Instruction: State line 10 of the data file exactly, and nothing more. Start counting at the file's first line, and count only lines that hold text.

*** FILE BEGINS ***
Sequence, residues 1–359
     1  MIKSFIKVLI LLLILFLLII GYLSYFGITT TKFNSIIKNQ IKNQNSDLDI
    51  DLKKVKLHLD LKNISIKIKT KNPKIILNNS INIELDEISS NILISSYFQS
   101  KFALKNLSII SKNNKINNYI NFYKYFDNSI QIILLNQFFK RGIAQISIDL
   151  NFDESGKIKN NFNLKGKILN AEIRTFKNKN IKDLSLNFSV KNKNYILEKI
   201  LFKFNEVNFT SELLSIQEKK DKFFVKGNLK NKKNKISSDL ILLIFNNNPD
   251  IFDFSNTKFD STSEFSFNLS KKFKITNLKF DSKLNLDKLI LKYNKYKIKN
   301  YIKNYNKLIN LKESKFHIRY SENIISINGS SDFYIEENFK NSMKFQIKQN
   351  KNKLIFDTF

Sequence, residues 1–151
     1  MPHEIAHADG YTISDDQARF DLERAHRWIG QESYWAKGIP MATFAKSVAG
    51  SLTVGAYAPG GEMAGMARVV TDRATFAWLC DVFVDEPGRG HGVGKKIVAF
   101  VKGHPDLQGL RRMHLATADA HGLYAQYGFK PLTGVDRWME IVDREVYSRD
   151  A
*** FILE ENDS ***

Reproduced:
Sequence, residues 1–151